Hearts boss Robbie Neilson set the deflector shields to maximum when he addressed the post-match media following Celtic’s 2-0 win over the capital club at Celtic Park yesterday.
“‘When you come here you need strong referees and if you don’t get that it can be difficult at times. We made 11 fouls and got two red cards and five bookings. Celtic made 12 fouls and got nothing. That’s the difficulty in coming to Glasgow – you need that strength and I don’t think they had it today.”
🔊 LISTEN: “When you come here you need strong referees… I don’t think we had it today”.
Hearts boss Robbie Neilson gives his thoughts on their two red cards in today’s 2-0 defeat to Celtic. pic.twitter.com/7DkZ3yy9Jj
— Clyde 1 Superscoreboard (@ClydeSSB) August 21, 2022
And speaking to BBC Radio Scotland’s Sportsound (they get their own, separate interview) the bitter Hearts boss said: “Until the referee sends two of our players off, we’re still in the game and in a good position, but once that happens, it makes it very difficult.
“You hope that an experienced referee would recognise the situation. The first one, there’s no need for a second yellow card. It’s the linesman who makes the decision.
“The ball isn’t in an area where it’s causing problems, it’s not reckless, it’s not endangering a player. Sometimes, when the crowd roars you can jump on it and I think that is potentially what happened today.”
Nelson came out with a show of faux frustration, as he attempted to pass the blame for Hearts 90 minutes without a shot on target on to match referee Kevin Clancy for issuing two second yellow cards to Alex Cochrane and Toby Sibbick. Yet the fault must surely lie closer to home.
Celtic, bar a 15-minute spell at the start of the second half, controlled the game entirely. And although a flurry of corner kicks – and some time to adapt to Hearts higher press at the beginning of the second period – saw the game ebb and flow momentarily, as opposed to the one-way direction of traffic we saw in the first half, Celtic soon settled back into a rhythm, regained control and ultimately scored the second goal their dominance deserved. Indeed, for the second game in a row a Kyogo first scorer and Giorgos Giakoumakis last scorer double with your bookie would have paid for your day out at Paradise. Worth bearing in mind as the season progresses!
Hearts real issue was, with the return of European football to consider, Robbie Neilson rang the changes and played a team with more than a few who could be described as squad players at best – not the four yellow cards, all of which were entirely justifiable decisions from Clancy.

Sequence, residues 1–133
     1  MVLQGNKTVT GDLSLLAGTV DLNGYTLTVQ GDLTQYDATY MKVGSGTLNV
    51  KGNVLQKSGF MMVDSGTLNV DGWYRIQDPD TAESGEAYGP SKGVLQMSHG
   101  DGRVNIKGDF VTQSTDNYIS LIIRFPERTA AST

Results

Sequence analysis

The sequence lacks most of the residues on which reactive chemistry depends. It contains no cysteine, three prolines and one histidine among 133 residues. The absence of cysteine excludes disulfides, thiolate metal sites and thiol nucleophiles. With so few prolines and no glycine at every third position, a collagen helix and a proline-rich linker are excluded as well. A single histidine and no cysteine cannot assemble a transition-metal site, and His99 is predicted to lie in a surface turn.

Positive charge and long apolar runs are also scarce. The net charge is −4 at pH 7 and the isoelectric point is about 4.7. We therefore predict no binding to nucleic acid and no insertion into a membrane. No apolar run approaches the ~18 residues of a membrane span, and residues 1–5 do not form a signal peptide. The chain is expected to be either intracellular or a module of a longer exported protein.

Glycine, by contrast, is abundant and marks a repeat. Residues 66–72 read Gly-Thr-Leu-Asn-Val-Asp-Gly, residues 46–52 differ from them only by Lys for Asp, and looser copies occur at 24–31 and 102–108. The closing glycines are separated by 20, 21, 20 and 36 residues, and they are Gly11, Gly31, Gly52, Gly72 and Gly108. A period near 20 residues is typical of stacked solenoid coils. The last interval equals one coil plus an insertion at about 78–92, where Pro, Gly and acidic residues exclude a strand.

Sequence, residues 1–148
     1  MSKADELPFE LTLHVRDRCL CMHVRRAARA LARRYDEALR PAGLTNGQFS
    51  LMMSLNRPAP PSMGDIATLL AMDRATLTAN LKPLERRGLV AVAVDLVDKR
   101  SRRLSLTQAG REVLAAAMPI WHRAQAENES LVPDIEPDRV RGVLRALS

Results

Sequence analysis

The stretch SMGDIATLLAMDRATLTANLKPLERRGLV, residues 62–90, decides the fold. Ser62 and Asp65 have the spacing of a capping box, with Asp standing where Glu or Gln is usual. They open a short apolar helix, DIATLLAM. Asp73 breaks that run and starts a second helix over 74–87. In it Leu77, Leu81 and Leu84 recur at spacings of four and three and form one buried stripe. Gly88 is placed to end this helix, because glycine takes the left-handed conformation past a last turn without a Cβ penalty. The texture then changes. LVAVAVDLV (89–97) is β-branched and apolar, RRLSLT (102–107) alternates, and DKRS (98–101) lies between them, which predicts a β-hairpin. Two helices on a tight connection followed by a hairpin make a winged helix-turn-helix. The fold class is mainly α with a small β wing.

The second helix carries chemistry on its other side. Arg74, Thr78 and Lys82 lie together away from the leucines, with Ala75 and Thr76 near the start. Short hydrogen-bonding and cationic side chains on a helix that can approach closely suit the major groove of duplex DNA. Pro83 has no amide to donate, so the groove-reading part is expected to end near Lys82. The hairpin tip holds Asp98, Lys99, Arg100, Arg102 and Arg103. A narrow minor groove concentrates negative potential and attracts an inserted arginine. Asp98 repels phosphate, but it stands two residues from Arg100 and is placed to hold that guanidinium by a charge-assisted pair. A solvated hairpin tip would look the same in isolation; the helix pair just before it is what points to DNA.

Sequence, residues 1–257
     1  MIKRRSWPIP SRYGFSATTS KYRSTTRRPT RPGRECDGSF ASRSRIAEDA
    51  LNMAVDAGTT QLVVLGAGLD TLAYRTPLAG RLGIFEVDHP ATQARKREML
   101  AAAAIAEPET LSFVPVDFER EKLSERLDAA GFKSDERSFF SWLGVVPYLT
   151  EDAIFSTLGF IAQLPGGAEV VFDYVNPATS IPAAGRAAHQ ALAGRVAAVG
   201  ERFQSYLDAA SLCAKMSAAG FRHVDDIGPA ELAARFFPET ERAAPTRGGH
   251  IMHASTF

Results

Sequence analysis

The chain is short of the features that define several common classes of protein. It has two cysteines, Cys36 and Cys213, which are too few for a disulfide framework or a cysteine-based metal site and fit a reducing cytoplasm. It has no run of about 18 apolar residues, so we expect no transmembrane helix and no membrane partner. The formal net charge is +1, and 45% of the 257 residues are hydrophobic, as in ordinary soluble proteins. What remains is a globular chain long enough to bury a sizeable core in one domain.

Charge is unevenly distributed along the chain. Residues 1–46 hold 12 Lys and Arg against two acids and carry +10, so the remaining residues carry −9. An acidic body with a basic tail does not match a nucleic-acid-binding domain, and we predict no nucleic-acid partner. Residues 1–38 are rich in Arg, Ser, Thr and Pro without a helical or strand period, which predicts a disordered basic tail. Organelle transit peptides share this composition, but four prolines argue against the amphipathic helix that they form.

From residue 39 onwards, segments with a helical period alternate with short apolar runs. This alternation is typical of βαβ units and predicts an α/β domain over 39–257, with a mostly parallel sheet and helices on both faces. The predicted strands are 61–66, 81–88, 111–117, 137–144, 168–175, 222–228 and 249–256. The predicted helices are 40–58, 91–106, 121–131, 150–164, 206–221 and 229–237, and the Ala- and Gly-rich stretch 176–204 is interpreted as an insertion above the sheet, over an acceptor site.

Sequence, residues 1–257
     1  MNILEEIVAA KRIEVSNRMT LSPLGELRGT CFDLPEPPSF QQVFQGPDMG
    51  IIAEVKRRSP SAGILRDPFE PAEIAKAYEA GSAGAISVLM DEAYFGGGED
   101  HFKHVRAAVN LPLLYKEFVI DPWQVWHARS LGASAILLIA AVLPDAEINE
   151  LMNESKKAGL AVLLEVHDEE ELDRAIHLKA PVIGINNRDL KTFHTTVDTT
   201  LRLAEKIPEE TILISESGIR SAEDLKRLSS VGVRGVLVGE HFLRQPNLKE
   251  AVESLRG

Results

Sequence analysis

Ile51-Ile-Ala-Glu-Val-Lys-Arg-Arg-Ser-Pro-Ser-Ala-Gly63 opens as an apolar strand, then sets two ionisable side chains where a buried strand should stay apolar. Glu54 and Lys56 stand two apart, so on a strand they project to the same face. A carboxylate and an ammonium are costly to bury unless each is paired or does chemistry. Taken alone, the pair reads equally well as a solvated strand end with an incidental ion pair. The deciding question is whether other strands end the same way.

With four days between games, Hearts fans would be right to ask was that really necessary?
After all, after the second leg against FC Zurich on Thursday night, the Jambos will have only three days down time before facing Killie at Tynecastle on Sunday. Did Neilson have to rest the players in advance, or could he have done so after playing Celtic and Zurich – and against a newly promoted side?
For a manager who apparently holds hopes of at least splitting the Glasgow clubs over the course of a season, it seems a meek surrender so early in the season to rotate so soon. As such although Kevin Clancy was a convenient scapegoat for defeat, Hearts had thrown in the towel with their team selection and the die was cast.
Celtic statistically speaking were as impressive in their numbers as they were on the eye. 69% possession to Hearts 31% shows, despite claims Hearts were still theoretically in the game, up to the sendings off of Sibbick and Cochrane, they rarely had the ball long enough to impact on the outcome.
Four shots at goal in 90 minutes – and Joe Hart untroubled – tells the story of where Neilson’s gameplan came undone. It was all about stopping Celtic and little about being an attacking threat. Tired bodies and minds often follow the chasing of shadows for 90 minutes, and that certainly seemed to be the case for both of Hearts red cards – and that is down to decision making on the pitch and at management level.
This was given as offside 😂 pic.twitter.com/zrE3B0WxcC
— RjayBhoy (@RjayCeltic) August 21, 2022
Celtic had 15 shots at goal, seven on target, six off, with eleven shots coming from inside the box and a further four efforts from outside the area. Of all those chances five would fall into the ‘big chance’ variety – and three of those were missed. In truth a three or four goal win wouldn’t have flattered Celtic – and little of that was down to refereeing.
But it was Celtic’s passing accuracy compared to Hearts that showed Celtic dominance. Celtic completed 515 of 594 passes successfully for an 87% average, meanwhile Hearts only attempted 262 passes and completed 165. You can bleat all you want about referees but when your team complete only 63% of passes, the chances of gaining a point or winning a game die on that hill, rather than at the hands of any match official.
There would have been a great deal more honesty in Neilson’s assessment of the game, had he simply admitted he had more chance of wins over Zurich then Killie, rather than Celtic and then Zurich, and as such he decided to chuck this one with his team selection.
Clancy being in some way card happy – and not his own side’s naivety and ill-discipline – was attempted to be turned into a convenient excuse by Neilson, but in truth neither of those things cost Robbie Neilson or Hearts yesterday.
Instead, decisions on the team line-up, an inability to hold onto the ball, pass it with accuracy, or trouble Joe Hart enough to even dirty his gloves, is where the real blame lay – and the responsibility for that rests with Neilson, not Kevin Clancy.
🚨💔 𝐔𝐧𝐢𝐪𝐮𝐞 𝐀𝐧𝐠𝐥𝐞 𝐓𝐢𝐦𝐞
Kyogo and Giakoumakis break some hearts again at Paradise!
— Celtic TV (@CelticTV) August 22, 2022